Closing The Gap

What to know about Karine Jean-Pierre, the first Black and first openly gay White House press secretary

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White House Press Secretary Jen Psaki (R) introduces Principal Deputy Press Secretary Karine Jean-Pierre (L) during a White House daily press briefing at the James S. Brady Press Briefing Room of the White House May 5, 2022 in Washington, DC.
Alex Wong | Getty Images News | Getty Images

The White House press secretary job has existed for 93 years — and for the first time, it'll soon be held by someone who isn't white.

Karine Jean-Pierre has been named the Biden administration's new White House press secretary, becoming the first Black woman and the first out LGBTQ person to take the high-profile job. As press secretary, Jean-Pierre will speak on behalf of the president and U.S. government to address reporters, the American public and the world about policy decisions every day.

Jean-Pierre is already a familiar face in the White House briefing room: She's currently the principal deputy press secretary, and has led the White House's daily press briefing a few times already. She'll be behind the podium more often once she starts her new role on May 13.

"Karine not only brings the experience, talent and integrity needed for this difficult job, but she will continue to lead the way in communicating about the work of the Biden-Harris Administration on behalf of the American people," President Joe Biden announced in a statement Thursday.

Jean-Pierre spoke about her appointment at Thursday's press briefing: "This is a historic moment, and it's not lost on me," she said. "I understand how important it is for so many people out there, so many different communities, that I stand on their shoulders and I have been throughout my career."

Jean-Pierre was born in Martinique to Haitian parents and was raised in Queens, New York. She graduated from the New York Institute of Technology and received a Master of Public Affairs from Columbia University.

Her experience in politics is extensive. Before becoming deputy press secretary, Jean-Pierre served as a senior advisor to Biden's 2020 presidential campaign and in August 2020 was named chief of staff for Biden's vice presidential nominee, who had not yet been announced.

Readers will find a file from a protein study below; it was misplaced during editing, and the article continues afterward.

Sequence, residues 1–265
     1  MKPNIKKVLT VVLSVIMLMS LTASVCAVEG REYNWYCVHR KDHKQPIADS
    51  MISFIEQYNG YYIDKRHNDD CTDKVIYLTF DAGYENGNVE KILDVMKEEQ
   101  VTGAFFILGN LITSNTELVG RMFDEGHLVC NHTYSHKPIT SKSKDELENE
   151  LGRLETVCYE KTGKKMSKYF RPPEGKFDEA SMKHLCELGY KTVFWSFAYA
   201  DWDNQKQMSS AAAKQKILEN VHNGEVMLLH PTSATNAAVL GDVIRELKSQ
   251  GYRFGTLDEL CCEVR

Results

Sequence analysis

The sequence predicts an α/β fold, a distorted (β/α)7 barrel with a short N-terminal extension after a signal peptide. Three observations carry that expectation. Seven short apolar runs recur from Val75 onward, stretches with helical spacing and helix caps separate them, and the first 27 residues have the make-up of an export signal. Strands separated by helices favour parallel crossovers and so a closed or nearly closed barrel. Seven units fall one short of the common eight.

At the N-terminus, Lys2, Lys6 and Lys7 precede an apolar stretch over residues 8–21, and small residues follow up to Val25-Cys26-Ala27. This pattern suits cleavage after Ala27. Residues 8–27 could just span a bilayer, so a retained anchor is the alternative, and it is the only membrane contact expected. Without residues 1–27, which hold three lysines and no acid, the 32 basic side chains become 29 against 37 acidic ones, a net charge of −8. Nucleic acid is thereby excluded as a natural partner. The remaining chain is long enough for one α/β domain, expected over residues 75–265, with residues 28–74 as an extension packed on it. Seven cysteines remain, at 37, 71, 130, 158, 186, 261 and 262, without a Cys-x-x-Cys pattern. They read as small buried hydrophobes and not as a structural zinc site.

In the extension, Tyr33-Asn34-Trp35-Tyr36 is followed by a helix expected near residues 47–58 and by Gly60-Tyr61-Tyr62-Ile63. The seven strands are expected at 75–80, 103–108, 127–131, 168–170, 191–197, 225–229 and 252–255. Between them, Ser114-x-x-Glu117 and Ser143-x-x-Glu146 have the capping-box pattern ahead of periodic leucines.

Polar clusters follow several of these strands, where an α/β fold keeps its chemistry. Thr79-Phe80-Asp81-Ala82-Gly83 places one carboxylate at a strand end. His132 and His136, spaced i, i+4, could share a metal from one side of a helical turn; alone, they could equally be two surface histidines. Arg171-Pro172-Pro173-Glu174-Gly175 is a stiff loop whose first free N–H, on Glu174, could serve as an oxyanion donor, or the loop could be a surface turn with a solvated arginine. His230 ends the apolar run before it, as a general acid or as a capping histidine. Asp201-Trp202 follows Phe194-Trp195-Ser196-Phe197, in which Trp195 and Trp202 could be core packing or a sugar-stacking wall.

She previously worked in the White House under former President Barack Obama, during his 2008 and 2012 campaigns, and as a long-time advisor to Biden when he was vice president.

On Thursday, Jean-Pierre thanked outgoing Press Secretary Jen Psaki, saying "she has been just a wonderful colleague, a friend, a mentor during this past year and a half." Psaki's last day is May 13, and she's expected to take an on-air job at MSNBC.

Psaki, meanwhile, praised her history-making colleague and successor, writing on Twitter: "She will be the first black woman and the first openly LGBTQ+ person to serve as the White House Press Secretary. Representation matters and she will give a voice to many, but also make many dream big about what is truly possible."

"She is passionate," Psaki added. "She is smart and she has a moral core that makes her not just a great colleague, but an amazing Mom and human.  Plus, she has a great sense of humor."

Psaki, who stated her intention early in her tenure to stay in the press secretary role for only a year, previously told CNBC Make It that finding her successor was a big part of her job from day one. "I hope I can play a role bringing a greater diversity of voices and faces and experiences to people who are serving as spokespeople on behalf of the White House and the government," Psaki said.

Jean-Pierre tweeted about her appointment on Thursday, calling it "a true honor" and adding, "​​I look forward to serving this Administration and the American people. I have big shoes to fill."

Jean-Pierre led her first White House briefing in May 2021, making history as the first openly gay woman and just the second Black woman to do so.

"I appreciate the historic nature. I really do," Jean-Pierre said at the time. "But I believe that being behind this podium, being in this room, being in this building isn't about one person. It's about what we do on behalf of the American people. Clearly the president believes representation matters, and I appreciate him giving me this opportunity."

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